Two weeks ago we got the bad news about Penny’s inoperable cancer. She had about a dozen good days after that including two out in the pheasant fields where she seemed satisfied with a few short walks to check out some promising cover.
Unfortunately, this week she went downhill again so when her breathing started to get too difficult, we let her slip away. The whole family is going to miss her.
Let’s be frank, Penny was a house pet first and foremost. She loved her family and followed us (especially Bethany) around the house all day. She was a lab through and through and would fetch anything for as long as you’d throw it.
She did love to hunt but it just wasn’t her forte. Still, there was that one day…
It was maybe the third of fourth time she’d been out pheasant hunting. She learned that the best way to find birds was to watch Ripley, Ron’s experienced Britney. When he got birdy she’d move right in.
The birds were running. They wouldn’t hold tight so it was no organized and controlled gentleman’s hunt. There were no leisurely strolls up to the pointing dogs with double-guns open. No, this was more like a track meet turned street fight and that suited Penny just fine.
Ripley would catch some scent and point but when Penny came crashing over, the rooster would be running. Ripley would try to re-position himself but that just fueled Penny’s competitive spirits. The big bird was sprinting for his life with the dogs right behind, running for glory. It’s bred in the bone. Ron and I stumbled along behind, running only for pride, or at least to avoid shame.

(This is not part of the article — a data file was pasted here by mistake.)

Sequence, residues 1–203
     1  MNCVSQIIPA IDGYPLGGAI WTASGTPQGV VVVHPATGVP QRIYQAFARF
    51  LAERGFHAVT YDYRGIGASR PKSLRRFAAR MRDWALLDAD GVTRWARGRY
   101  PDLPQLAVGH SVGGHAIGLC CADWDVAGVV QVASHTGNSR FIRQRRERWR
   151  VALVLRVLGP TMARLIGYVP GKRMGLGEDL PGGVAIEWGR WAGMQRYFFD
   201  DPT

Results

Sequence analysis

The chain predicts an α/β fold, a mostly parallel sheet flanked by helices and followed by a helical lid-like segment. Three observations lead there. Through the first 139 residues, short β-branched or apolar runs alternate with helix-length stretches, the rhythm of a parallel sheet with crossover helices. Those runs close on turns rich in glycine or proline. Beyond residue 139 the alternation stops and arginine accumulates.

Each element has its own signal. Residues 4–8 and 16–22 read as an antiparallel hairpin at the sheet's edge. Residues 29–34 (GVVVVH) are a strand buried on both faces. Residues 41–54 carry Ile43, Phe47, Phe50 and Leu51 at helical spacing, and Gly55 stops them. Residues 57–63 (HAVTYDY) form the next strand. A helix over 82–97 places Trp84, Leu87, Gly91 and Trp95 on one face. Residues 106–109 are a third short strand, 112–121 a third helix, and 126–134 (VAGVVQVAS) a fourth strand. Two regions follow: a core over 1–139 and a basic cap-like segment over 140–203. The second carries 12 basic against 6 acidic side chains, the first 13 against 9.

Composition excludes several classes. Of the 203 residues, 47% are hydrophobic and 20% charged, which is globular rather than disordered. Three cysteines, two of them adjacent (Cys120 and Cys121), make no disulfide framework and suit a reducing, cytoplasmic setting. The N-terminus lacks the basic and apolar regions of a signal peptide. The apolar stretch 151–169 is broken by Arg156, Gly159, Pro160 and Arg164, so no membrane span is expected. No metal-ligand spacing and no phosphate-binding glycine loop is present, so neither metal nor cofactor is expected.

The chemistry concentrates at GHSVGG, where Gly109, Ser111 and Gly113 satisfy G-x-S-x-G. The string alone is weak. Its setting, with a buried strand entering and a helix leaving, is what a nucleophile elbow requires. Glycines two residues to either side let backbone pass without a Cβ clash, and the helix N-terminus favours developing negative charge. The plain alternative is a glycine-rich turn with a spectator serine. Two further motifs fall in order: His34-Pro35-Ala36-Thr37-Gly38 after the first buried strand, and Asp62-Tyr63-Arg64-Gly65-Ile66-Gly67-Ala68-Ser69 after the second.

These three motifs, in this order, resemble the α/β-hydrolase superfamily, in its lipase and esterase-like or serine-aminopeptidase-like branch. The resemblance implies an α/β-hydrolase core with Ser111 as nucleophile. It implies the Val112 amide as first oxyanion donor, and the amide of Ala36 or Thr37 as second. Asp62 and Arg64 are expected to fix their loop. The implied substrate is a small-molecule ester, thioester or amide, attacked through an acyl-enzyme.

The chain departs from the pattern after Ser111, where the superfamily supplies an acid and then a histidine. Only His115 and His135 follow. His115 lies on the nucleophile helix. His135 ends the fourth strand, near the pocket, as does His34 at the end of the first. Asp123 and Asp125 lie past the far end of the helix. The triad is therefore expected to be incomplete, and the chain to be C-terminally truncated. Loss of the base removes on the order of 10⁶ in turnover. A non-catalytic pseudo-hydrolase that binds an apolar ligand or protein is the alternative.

It was like a NASCAR event up front with both dogs trying to take the same line following a single scent trail. “Rubbin’ is racin’,” someone famous once said. Penny would get off line for a second and Ripley would take over. Then Penny would barge back in and they’d be bumping shoulders for a bit until Ripley veered off into the infield. Repeat.
When they’d separate for a few seconds Ron and I had to choose which dog to follow. On any other day we’d have defaulted to Ripley every time but today was different. Even Ron felt it, today was Penny’s big day and we bet on her. She was Hoovering up the scent like we’d never seen before, taking in great snorts. It might have been the first time this hunting thing really kicked in for her. What a pleasure it was to see her like that.
Eventually the exhausted pheasant would take to the air. Two panting hunters would fire into clear air behind and below and around the escaping bird, barely able to mount the guns, let alone swing them steady.
But nobody cared that day. We had our flusher Penny on the ground.
6 thoughts on “R.I.P. Penny”
Great reminder of a great hunt I’ll never forget it. Penny will be truly missed Ron V.
Ron T. VanderHeiden Ron@VanSporting.com 510 708-7001
Sorry to hear the new about Penny. Her memories will last a lifetime.
So sorry to hear the news about Penny but it was so sweet to share such a great memory about her!